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Author Archives: mathew

Growth on the [NSW] public transport network has hurtled past long-term government predictions, with 93 million more trips taken on buses and trains last year [FY 2018-19] than what was forecast for 2031.

A report used by the NSW government as the “framework” for investing tens of billions in transport projects over the coming decades predicted rail growth would increase by 26% between 2011 and 2031.

However, the rail network reached and then exceeded that predicted figure by 2017, more than a decade early.

Rabe, Singhal (2020-02-19)

Several people have highlighted the government’s response.

Asked how it would respond to the patronage, the state’s transport agency said the department was “delighted” that demand was outpacing population growth.

Rabe, Singhal (2020-02-19)

This story in the SMH is based on research I conducted and brought to Mr Rabe’s attention, back in November 2019. It took awhile to get the all the planets aligned.

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Most commuters travelling from stations west of Bankstown will be able to use direct services to get to Sydney’s CBD and avoid having to switch trains if a “preferred option” for a shake up of the rail network to accommodate a new metro rail line is adopted.

O’Sullivan (2020-02-09)

My Quotes

“The preferred option is the best option for customers because it allows for faster trips to the city and connects the west with the inner west,” said Mathew Hounsell, a transport expert at the University of Technology’s Institute for Sustainable Futures.

But Mr Hounsell said the complexity involved in funnelling more trains through the western rail corridor between Lidcombe and Homebush risks a reduction in the reliability of services.

“It could lead to a less reliable network if investment is not undertaken,” he said.

“It is essential that the government builds the missing two tracks between Lidcombe and Homebush to keep our western rail network reliable. It has to be fixed and it has to be fixed soon.”

O’Sullivan (2020-02-09)
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Buried deep below Sydney’s tallest buildings, giant caverns have been churned out of sandstone and other rock. On the streets above, tens of thousands of people go about their daily lives, oblivious to the work underground on this mega transport project.

Twin tunnels spanning more than 15 kilometres in each direction from Chatswood in the north to Sydenham in the south, link these underground cathedrals. They will become the train stations for the second stage of Sydney’s automated metro train network.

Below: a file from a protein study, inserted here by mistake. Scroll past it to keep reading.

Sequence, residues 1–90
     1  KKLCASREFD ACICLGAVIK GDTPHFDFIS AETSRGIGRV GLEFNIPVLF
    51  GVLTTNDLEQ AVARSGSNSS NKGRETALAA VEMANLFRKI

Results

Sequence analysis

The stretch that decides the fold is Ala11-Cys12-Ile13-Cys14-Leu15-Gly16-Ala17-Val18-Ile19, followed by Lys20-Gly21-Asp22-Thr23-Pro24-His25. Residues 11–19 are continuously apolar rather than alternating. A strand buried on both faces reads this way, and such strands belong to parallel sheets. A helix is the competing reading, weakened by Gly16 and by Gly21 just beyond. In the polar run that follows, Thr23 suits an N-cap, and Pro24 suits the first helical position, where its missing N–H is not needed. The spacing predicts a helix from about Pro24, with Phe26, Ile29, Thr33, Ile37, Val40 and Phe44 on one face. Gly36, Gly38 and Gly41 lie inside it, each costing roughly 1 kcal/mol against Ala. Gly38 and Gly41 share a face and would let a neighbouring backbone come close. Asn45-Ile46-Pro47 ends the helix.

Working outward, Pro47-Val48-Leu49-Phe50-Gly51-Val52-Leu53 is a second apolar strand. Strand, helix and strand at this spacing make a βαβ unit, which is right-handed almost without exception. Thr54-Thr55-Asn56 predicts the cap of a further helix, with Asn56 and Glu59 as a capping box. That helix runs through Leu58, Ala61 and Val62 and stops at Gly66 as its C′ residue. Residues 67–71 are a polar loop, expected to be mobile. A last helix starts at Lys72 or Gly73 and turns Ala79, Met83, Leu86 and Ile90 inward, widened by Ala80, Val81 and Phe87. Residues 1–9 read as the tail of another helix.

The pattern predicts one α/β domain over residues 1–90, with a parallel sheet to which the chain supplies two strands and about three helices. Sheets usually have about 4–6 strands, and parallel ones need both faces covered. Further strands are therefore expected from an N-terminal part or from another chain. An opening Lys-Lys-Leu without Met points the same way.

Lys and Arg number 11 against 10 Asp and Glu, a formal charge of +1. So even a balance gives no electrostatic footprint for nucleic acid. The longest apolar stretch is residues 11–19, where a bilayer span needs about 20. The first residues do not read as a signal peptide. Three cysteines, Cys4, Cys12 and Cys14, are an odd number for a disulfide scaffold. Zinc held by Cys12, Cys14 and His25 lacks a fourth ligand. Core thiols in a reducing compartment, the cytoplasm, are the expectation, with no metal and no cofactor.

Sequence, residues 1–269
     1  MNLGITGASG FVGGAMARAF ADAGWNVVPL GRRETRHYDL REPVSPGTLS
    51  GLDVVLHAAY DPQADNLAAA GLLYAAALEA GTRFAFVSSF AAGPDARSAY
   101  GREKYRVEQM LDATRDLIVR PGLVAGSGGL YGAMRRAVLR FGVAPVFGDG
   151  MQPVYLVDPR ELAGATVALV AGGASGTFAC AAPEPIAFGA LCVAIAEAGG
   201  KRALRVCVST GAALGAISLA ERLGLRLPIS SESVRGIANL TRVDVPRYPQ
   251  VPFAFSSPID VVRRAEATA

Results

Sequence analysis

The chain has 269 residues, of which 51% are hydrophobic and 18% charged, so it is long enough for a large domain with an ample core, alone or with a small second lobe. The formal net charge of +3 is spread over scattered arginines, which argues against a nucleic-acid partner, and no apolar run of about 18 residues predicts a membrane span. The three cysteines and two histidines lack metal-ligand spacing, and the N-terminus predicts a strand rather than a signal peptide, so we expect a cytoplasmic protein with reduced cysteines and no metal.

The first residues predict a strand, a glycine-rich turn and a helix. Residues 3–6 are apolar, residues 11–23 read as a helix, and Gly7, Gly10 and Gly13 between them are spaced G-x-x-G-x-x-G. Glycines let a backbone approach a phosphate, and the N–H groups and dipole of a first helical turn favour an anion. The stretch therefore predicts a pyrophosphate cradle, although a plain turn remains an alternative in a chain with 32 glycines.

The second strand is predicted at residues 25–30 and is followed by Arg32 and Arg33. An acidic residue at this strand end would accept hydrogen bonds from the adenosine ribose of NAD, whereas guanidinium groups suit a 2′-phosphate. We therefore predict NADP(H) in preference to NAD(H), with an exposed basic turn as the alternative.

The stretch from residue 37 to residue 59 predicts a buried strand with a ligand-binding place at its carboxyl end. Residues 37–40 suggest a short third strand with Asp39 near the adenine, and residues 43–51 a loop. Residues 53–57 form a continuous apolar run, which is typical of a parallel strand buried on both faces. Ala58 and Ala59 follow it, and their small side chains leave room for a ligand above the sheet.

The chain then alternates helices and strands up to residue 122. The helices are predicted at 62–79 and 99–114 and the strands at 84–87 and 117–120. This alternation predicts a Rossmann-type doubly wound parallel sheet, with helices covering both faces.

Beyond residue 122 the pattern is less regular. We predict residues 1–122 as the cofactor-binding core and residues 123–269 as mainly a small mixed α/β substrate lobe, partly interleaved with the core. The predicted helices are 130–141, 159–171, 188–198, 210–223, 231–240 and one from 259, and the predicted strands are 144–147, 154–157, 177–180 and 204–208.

Yet the metro rail project is at risk of quickly becoming a political and financial headache for the Berejiklian government. A highly confidential budget review, completed more than 18 months ago, forecasts the government’s signature public transport project will cost up to $16.8 billion to complete by 2024 – more than $4 billion above what had been budgeted.

O’Sullivan (2020-02-08)

My Quotes

Mathew Hounsell, a transport expert at the University of Technology’s Institute for Sustainable Futures, says demand on Sydney’s transport system is already well ahead of long-term forecasts. “The transport system is essential to keeping the city pumping. Without it flowing properly, the transport network will end up clogged and inefficient,” he says.

“There is a significant risk that the government will delay the essential projects such as Metro West and the upgrade of the signalling on the heavy rail network in order to keep the budget looking good. But if we don’t invest in the transport system, the city will become less attractive and we will lose our global competitiveness. The transport system is the arteries of the city.” [emphasis added]

O’Sullivan (2020-02-08)
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Trams in Sydney’s CBD will pick up their first passengers in over half a century today, as a project plagued by delays, legal disputes and a $1.3 billion budget blowout reaches fruition.

The light rail will carry tourists and commuters from Circular Quay to Randwick, in Sydney’s eastern suburbs, but covers only a fraction of the ground of the old tram network, which was ripped out in the late 1950s.

Whitehead (2019-12-14)

I was interviewed for a piece broadcast on the AM program on ABC Radio National for the opening of the CBD South-East Light Rail. I’m quite glad Whitehead picked up on the importance of the urban layer and kept that comment in the piece.

“The trams provide that urban layer between railways and between walking.”

Mathew Hounsell
See resources Transport Hierarchy for a complete description.
Transport Network Hierarchy
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Passenger crowding on trains travelling along Sydney’s western rail spine to the city during the morning peak has worsened significantly over the past year, underscoring the need for major investment in the ageing network.

Half of suburban lines have at least some trains unable to fit more passengers on during the busiest hour of the peak from 8am to 9am, figures from the state’s transport agency show.

Trains on the busiest line, the T1 Western, recorded average passenger loads of 150 per cent during the morning peak in March, up from 139 per cent a year earlier.